Father (Andrej Shetinin) and Son (Alexei Nejmyshev) live together in a rooftop apartment. They have lived alone for years in their own private world, full of memories and daily rituals. ... See full summary »
Originally a five-part semi-documentary series on Russian television, this scaled down release tells the story of a Russian naval commander in charge of an Arctic-based ship. The film ... See full summary »
A 19th century French aristocrat, notorious for his scathing memoirs about life in Russia, travels through the Russian State Hermitage Museum and encounters historical figures from the last 200+ years.
Father (Andrej Shetinin) and Son (Alexei Nejmyshev) live together in a rooftop apartment. They have lived alone for years in their own private world, full of memories and daily rituals. Sometimes they seem like brothers. Sometimes even like lovers. Following in his father's footsteps, Alexei attends military school. He likes sports, tends to be irresponsible and has problems with his girlfriend. She is jealous of Alexei's close relationship with his father. Despite knowing that all sons must one day live their own lives, Alexei is conflicted. Alexei's father knows he should maybe accept a better job in another city, maybe search for a new wife. But who will ease the pain of Alexei's nightmares? Written by
As an American gay man, it was impossible for me to watch this film without a great deal of wishful thinking. I'm amused by the discussion (in reviews here and elsewhere) about homo-erotic content. I'm guessing the generally stunted nature of male/male interaction in the U.S. will negate the ability of most straight American viewers to see this movie as anything OTHER than sexual. And that's a shame.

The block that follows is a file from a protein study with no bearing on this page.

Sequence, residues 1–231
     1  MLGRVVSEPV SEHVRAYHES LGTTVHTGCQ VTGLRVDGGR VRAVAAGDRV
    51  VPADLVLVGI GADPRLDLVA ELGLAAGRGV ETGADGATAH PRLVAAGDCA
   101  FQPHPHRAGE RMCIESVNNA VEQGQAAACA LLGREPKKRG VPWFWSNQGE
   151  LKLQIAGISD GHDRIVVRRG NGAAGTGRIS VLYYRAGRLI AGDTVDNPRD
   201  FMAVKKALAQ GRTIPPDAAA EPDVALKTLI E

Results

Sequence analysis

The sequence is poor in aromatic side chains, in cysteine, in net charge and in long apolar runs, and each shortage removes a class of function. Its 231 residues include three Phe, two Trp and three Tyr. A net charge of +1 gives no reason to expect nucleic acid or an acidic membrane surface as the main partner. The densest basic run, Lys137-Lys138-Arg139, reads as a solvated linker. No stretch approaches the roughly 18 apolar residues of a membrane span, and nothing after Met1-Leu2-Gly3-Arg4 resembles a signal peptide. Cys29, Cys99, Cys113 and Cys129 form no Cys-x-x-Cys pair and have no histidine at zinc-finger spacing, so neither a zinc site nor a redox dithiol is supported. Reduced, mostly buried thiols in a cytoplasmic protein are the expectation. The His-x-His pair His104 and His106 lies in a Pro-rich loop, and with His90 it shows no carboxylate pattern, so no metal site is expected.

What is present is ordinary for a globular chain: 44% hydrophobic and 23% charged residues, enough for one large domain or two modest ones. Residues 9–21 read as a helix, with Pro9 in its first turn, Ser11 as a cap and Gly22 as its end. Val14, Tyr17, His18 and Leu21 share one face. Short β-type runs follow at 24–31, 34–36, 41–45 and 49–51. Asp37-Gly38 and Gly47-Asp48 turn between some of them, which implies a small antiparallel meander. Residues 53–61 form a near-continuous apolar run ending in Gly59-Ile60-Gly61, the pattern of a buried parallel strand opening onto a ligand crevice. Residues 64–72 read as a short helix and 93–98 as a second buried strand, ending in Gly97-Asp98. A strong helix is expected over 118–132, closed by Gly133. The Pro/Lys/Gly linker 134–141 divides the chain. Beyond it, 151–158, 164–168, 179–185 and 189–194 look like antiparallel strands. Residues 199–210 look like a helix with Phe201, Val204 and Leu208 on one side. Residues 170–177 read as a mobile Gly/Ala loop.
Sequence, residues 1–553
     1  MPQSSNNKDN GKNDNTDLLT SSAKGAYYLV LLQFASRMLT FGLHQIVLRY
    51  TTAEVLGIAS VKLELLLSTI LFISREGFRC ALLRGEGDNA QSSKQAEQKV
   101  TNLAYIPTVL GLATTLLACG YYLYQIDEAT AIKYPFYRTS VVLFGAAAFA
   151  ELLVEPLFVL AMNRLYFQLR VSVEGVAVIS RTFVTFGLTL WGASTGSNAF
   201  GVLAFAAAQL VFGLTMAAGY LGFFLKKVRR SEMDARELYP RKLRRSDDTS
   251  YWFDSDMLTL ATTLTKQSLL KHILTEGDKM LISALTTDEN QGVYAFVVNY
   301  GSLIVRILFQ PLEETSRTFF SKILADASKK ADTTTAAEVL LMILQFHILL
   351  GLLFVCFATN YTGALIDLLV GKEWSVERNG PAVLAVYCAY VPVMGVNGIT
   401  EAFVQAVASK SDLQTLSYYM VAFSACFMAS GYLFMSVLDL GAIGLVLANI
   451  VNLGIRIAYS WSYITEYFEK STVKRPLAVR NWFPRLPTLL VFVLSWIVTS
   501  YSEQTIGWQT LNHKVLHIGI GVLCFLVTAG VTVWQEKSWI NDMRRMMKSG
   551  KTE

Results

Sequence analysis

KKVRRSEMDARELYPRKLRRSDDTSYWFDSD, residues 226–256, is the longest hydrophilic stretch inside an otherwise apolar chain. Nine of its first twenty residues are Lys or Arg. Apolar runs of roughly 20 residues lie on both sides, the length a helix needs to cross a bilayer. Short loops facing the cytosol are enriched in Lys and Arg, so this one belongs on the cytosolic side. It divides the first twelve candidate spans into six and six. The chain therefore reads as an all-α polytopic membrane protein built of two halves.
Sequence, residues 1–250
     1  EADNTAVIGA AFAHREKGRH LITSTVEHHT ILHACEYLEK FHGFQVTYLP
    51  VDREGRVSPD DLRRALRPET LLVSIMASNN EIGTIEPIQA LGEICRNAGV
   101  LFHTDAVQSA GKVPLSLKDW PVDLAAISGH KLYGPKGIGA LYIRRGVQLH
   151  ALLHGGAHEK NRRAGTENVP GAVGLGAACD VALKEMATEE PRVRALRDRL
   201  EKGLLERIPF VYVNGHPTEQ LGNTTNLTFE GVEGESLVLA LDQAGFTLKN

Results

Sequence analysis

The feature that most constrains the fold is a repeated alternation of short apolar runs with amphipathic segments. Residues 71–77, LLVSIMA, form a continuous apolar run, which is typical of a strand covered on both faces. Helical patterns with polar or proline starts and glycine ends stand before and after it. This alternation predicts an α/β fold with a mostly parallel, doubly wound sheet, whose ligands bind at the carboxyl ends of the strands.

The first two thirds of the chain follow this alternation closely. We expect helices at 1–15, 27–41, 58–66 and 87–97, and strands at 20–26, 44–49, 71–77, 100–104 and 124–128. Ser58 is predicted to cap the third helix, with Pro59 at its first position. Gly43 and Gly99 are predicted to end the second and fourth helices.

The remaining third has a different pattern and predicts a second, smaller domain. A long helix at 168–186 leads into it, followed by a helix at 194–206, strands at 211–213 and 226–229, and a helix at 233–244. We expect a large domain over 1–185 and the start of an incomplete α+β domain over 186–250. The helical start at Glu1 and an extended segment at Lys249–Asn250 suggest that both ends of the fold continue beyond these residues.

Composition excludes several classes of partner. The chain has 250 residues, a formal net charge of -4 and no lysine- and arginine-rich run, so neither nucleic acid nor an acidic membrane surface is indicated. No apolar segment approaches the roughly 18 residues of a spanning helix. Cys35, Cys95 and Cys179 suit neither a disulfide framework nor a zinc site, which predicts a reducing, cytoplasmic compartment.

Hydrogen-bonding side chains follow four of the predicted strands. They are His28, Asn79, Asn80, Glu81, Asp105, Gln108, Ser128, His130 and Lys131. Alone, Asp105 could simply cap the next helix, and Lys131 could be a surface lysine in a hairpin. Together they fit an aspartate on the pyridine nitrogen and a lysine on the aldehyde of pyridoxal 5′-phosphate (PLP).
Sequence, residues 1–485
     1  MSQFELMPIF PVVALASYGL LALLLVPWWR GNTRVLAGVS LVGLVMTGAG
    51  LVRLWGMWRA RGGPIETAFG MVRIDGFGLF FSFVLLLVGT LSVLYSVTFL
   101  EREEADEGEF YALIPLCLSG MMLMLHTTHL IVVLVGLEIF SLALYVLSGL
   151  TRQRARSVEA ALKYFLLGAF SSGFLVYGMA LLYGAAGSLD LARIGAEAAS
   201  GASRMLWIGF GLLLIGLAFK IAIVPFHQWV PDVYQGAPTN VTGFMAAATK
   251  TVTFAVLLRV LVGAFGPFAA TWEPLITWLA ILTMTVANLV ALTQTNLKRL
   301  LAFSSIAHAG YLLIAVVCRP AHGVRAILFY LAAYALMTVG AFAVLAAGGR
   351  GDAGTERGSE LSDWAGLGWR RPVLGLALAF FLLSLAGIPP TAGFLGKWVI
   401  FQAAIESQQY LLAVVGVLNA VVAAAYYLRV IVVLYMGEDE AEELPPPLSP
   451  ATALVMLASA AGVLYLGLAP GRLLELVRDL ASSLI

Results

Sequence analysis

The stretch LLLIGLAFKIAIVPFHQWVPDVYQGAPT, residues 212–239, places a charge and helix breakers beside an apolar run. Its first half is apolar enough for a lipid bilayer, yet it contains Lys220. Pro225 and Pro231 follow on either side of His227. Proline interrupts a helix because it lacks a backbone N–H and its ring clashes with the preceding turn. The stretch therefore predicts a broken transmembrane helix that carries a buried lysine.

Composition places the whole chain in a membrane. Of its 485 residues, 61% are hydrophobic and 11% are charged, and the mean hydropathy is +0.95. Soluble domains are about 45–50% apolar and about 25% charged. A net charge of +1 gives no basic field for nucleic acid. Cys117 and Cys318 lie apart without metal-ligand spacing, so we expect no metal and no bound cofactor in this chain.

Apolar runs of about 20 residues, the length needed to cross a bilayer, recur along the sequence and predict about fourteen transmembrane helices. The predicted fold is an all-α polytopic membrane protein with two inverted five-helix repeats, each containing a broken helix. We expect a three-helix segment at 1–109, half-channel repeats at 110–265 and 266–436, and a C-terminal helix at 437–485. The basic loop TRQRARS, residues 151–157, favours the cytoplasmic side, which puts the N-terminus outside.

I love this movie and not just for the eye candy. It's an exploration of relationships between males as much as it is about fathers and sons, a topic that is generally ignored in films. Unless we're talking about guys shooting or beating each other up. Men can love other men without wanting to boink them. I wish Americans could grasp that concept.
I have the feeling that this film has a back story that makes all of the interaction between the father and son perfectly logical. The point is, I think, that the back story is unnecessary. What is necessary--and fascinating--is to see how this father and son treat each other. The traditional father/son boundaries are in evidence, but their interdependence has blurred the lines. They're protective of each other, and neither one wants to hurt the other. But both realize that hurt is coming, one way or the other.
Dreams are depicted, but the whole film feels like a dream because of the pacing and the way it's photographed. This adds to the initial confusion about what the father/son relationship actually is. To my mind, this is a good thing.
This is one movie that becomes more, uh, plausible, with repeated viewing. Gay men especially should plan to watch this movie at least twice. Trust me, the first time you'll be completely blown away watching these two sexually magnetic men treating each other with affection and respect in a nonsexual way. This is something we rarely get to see, even in gay movies. You'll need to watch it a second time to "get" the movie, and for that you'll need to be aware that their physical intimacy and touchy-feely relationship is a cultural thing, not a gay thing.
I'm a sucker for Russian films, generally, as well as beautifully-photographed films, and films with non-lineal content. Here's one that's got it all, and with a cherry on top: two accomplished and beautiful actors you can't take your eyes off of.
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